Now that the explanation of the core ideas and mechanics behind my new look at combat is out there, a few examples of play are in order. Since the ideas themselves can adapt to any system or style of game, I’m going to set each example combat in a different system and style. Additionally, I’ll give examples of both simplified and detailed tactics, along with a variety of combatants so that you can see how their personalities and styles color the fight.
For the first example, I’ll use the simplified tactics in a cinematic game. The system is resolves tests with a roll of a d10 – if the result, including modifiers, is 9 or higher, the character succeeds. High roller determines control of range. The combat starts with Alex, our protagonist, at a bar. He flirts with a woman shooting pool, whose boyfriend takes offense. The verbal exchange afterward doesn’t go well, and the boyfriend pulls a knife on pretty-boy Alex to give him a makeover.
The boyfriend wants to close and cut Alex’s face (Engaged, Direct), and Alex is trying to stay away and grab a pool cue to fend him off (Disengaged, Defensive). They roll and total: the boyfriend gets 7, Alex gets 12. The range is Disengaged because Alex rolled higher. Each checks their attack modifier: the boyfriend gets a -2 because Alex is Defensive, and another -2 from being disengaged, for a total of 3 (failure); Alex gets a -2 because he’s Defensive against Direct, along with the -2 for being disengaged, which takes his 12 to an 8, turning a success into a failure. Alex scrambles away and grabs a pool cue, swinging it defensively, but missing due to the distance.
The boyfriend, unafraid of the pool cue, attempts repeat his tactic (Engaged, Direct). Alex, more confident now, stands his ground, using the length of the cue to keep the boyfriend away (Disengaged, Direct). They roll and total: the boyfriend gets 10, and Alex gets 12 again. The range is Disengaged for Alex, but due to the length of the cue, the boyfriend is Engaged. There are no attack modifiers for both opponents being Direct, but the boyfriend has a -2 for Alex being Disengaged, turning his 10 (success) into an 8 (failure), while Alex succeeds with a 12. The boyfriend takes a hit to the shoulder as he falls just short of cutting Alex.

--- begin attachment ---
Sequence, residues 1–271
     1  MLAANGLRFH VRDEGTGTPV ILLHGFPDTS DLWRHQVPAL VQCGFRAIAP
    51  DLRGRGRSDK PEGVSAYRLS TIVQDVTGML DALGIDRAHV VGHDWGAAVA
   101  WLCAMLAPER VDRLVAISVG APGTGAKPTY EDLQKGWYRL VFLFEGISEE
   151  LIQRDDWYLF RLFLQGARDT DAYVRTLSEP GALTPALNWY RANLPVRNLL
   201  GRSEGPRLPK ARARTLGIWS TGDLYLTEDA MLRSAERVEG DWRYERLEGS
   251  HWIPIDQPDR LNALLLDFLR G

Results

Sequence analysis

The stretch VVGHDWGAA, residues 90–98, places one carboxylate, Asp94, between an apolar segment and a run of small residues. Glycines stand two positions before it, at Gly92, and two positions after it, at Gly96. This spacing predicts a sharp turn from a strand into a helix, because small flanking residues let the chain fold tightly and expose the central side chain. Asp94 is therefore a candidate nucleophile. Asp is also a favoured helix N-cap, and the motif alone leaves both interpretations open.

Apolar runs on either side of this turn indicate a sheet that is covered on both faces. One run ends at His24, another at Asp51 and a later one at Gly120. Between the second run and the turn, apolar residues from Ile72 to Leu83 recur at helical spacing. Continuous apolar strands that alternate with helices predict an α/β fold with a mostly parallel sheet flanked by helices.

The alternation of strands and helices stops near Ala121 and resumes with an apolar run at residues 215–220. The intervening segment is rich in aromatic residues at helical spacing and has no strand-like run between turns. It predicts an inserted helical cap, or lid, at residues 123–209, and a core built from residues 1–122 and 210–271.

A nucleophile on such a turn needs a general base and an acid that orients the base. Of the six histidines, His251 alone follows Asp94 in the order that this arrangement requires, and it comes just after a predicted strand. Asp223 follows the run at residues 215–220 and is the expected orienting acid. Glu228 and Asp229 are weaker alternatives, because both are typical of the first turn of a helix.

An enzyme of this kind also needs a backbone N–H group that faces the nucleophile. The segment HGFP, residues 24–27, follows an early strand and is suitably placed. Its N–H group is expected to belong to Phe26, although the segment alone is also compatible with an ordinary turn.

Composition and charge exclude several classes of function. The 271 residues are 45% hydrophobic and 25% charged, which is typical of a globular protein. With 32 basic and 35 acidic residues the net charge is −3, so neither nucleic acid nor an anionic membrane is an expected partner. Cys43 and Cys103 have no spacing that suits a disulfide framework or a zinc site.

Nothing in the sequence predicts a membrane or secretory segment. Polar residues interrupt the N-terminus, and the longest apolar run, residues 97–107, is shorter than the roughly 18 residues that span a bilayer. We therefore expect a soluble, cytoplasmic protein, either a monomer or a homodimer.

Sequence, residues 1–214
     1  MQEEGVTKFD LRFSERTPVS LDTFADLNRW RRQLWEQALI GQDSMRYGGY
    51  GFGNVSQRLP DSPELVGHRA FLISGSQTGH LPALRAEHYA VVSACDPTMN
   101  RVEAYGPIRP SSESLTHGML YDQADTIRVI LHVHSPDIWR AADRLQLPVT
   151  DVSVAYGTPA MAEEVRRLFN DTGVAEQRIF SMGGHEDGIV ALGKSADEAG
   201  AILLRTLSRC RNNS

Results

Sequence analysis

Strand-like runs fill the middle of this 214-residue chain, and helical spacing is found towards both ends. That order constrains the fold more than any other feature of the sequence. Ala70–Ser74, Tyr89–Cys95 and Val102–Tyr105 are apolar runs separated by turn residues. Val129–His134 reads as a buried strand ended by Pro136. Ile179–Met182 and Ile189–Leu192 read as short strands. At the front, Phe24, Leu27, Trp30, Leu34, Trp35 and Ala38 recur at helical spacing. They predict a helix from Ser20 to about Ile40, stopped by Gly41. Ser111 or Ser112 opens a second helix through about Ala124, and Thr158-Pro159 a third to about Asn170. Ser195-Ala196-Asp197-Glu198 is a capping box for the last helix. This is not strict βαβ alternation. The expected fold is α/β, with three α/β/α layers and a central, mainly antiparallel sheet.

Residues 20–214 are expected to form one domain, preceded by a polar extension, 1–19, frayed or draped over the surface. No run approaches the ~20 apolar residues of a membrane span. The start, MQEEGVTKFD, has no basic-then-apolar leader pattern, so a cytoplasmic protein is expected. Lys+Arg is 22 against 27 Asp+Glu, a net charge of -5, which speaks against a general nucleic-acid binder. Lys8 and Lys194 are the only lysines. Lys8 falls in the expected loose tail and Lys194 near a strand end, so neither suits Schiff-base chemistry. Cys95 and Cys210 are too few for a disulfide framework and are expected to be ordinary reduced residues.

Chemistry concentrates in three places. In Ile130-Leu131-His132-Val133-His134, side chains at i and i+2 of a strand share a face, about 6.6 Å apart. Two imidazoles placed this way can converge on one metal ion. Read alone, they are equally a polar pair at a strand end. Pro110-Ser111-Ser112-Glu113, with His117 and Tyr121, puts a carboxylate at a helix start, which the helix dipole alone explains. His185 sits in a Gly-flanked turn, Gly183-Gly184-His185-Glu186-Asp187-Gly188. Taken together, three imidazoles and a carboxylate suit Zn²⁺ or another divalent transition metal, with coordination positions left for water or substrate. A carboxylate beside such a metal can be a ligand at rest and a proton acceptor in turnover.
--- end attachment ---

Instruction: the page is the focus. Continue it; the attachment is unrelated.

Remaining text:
Alex sees the boyfriend’s face darken with anger, and decides to try to hit his arm to attempt to force him to drop the knife (Disengaged, Counter-Offensive, Disarm). The boyfriend rushes Alex, trying to stab him in the gut (Engaged, Offensive). After rolling, the boyfriend gets 10 again, and poor Alex only gets 5. Alex runs out of room as the boyfriend closes in. Checking their modifiers, the boyfriend gets no bonus for his Offensive tactic, because Alex is Counter-Offensive and Engaged, so he is still at 10. Alex, however, gets a +2 for his choice, bringing him up to 7, which is still not enough. The pool cue is tangled up as he takes a stab to the gut and regrets coming into this bar.